So you’d think that Morrell would have been perfectly suited to defending his employer, given his allies in the G.O.P.—he’s donated to Mitch McConnell, Steve Scalise, and Kevin McCarthy, among others—and his deep familiarity with the party’s tempestuous mood during this highly-charged moment. Or at the very least, you’d assume he could have managed the crisis through the cold-blooded and calculated art of backroom political wrist-bending—Disney is Florida’s largest employer, after all—as his predecessor, Zenia Mucha, herself a former Republican operative, would have done.

But instead, his passive approach to the so-called “Don’t Say Gay” bill gave DeSantis and his populist allies the perfect opportunity to slice through Disney’s reputation, all within four months of Morrell’s start date. (My colleague Matt Belloni’s dissection of Morrell’s downfall is worth reading for the Disney insider goss alone.) Tragically, Morrell initially minimized the bill, then reversed the company’s position when L.G.B.T. employees rebelled, eventually leaving Disney vulnerable to a harmful political caricature that could have material reputational and revenue implications. Many on the right, such as Ben Shapiro, are already plotting how to capitalize on the growing market of parents who fear Disney has gone woke. In short, it never should have gotten here.

The biggest lesson: Just because you hire someone with a staunchly Republican background, doesn’t mean you’ve hired someone who can accurately steer your corporate behemoth through a Culture War crucible with any more adroitness than, say, Ted Sarandos dealing with internal strife over Dave Chappelle at Netflix, or Daniel Ek trying to get a grip on Joe Rogan backlash at Spotify. In fact, it could be a disadvantage, depending on which administration your former Republican operative served. 

Agenda-setting political media on the right isn’t just limited to Fox News these days: there’s at least three other competing TV networks, all with more extreme right wing views, as well as a bevy of MAGA social media platforms, a groundswell of smaller culture war-driving news sites, and an exponentially-multiplying number of MAGA online influencers. (Team DeSantis, I’ve often been told, are voracious consumers of right-wing media.) Combined, this information environment can immediately shape the decisions of right-wing lawmakers to a degree that might be hard for a traditional comms firm to wrap their heads around: lib-owning is no longer an internet trope, but an actual scorched-earth political strategy beyond the bounds of financial sense or country-club solidarity. Did Morrell ever imagine that he’d have to deal with Ted Cruz—a U.S. Senator and former Presidential candidate—alleging that The Walt Disney Company promotes bestiality? It probably wouldn’t have happened in 2018.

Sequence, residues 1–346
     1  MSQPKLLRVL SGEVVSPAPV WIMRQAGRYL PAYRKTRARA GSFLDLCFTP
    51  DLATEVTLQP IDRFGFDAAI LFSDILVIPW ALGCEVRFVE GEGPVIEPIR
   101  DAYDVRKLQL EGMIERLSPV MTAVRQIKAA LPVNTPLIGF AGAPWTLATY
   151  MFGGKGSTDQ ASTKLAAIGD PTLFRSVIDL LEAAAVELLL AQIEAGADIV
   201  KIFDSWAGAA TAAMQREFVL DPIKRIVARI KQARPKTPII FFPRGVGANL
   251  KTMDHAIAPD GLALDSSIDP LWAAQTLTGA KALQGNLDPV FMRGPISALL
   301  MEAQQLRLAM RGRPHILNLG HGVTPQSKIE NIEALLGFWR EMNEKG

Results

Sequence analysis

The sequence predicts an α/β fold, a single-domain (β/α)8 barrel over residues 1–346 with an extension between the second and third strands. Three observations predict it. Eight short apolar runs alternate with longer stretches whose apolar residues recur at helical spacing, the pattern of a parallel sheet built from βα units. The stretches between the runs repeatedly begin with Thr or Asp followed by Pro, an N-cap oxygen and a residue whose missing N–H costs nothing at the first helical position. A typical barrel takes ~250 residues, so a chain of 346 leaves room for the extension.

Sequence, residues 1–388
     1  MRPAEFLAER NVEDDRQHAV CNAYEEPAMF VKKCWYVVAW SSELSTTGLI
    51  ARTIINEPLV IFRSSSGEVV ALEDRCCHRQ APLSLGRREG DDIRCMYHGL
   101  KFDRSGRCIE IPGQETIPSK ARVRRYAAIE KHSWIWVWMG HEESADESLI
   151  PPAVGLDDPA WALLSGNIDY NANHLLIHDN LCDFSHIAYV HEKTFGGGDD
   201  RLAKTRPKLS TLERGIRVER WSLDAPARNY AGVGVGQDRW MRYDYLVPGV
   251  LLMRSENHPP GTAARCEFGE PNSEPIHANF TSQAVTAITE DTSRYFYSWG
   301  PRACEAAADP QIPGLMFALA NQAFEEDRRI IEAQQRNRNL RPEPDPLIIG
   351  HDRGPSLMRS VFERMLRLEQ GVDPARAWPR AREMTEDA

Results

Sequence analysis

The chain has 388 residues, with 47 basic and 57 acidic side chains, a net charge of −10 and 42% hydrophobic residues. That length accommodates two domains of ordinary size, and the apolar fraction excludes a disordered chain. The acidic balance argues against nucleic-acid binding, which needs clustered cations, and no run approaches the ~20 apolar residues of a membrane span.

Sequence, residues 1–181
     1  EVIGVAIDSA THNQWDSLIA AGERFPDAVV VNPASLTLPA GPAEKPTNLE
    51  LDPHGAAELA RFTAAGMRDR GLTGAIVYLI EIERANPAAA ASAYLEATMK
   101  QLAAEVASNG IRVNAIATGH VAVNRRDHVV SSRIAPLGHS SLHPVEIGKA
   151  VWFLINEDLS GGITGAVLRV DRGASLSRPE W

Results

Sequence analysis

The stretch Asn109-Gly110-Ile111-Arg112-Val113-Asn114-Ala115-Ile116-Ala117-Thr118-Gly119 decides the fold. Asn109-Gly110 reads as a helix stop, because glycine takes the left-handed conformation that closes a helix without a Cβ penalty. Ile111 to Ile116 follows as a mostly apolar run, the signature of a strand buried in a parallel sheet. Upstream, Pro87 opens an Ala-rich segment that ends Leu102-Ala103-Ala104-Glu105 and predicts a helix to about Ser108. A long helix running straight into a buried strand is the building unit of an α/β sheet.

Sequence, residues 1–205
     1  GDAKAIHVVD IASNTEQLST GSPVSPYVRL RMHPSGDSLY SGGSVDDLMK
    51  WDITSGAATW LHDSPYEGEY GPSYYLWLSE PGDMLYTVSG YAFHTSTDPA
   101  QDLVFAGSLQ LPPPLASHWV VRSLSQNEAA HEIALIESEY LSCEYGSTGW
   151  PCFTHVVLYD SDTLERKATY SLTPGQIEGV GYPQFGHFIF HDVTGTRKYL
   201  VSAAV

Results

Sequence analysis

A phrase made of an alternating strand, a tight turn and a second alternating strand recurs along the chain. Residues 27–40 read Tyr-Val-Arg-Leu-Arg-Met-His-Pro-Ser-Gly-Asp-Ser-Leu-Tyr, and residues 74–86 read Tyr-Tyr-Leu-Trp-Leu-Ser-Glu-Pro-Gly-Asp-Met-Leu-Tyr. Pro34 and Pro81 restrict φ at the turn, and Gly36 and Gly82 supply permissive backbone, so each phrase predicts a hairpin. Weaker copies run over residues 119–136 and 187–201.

Madison Cawthorn’s Lohan Moment

Republicans in Washington were already sick of Rep. Madison Cawthorn’s antics back in early April, when Senator Thom Tilllis declared that Cawthorn needed to leave Congress. But in the three weeks since I last checked in on the party’s 26-year-old problem child—right after he alleged that he’d been invited to a cocaine orgy, had his driver’s license revoked, and called Volodymyr Zelensky a “thug”—Cawthorn has continued to spiral. He was accused of insider trading and participating in a crypto scheme; he tried to carry a loaded gun onto an airplane (for the second time in the past year); and old footage surfaced revealing Cawthorn wearing women’s lingerie (“goofy photos” taken during “a game on a cruise,” he said). Shortly afterward, someone released a video depicting one of Cawthorn’s male staffers appearing to place his hand on Cawthorn’s crotch. (About an hour after I published this column, a third, far more X-rated video was released. You can find it on Twitter if you must.)

Obviously, plenty of Cawthorn’s disapproving peers in Congress want to see him resign, or at least be made unelectable come November. But, from what I hear, his fans among the MAGA crowd are worried, too. Cawthorn’s approval rating has been plummeting in his district over the past several months, though his re-election is still likely thanks to (frankly) a glut of G.O.P. challengers dividing the field. 

If he makes it through this second or third round of scandals (who can keep track?) and manages to get re-elected, he might be one of the movement’s standard-bearers: young, attractive, instinctively attuned to the currents of MAGA theology, and hellbent on lib-owning. But he’ll need to get his shit together, especially inside his Capitol Hill office. “If he gets through this onslaught, he will be stronger than he was when he was first elected,” one MAGA strategist told me. “He can use it as an opportunity to grow up.”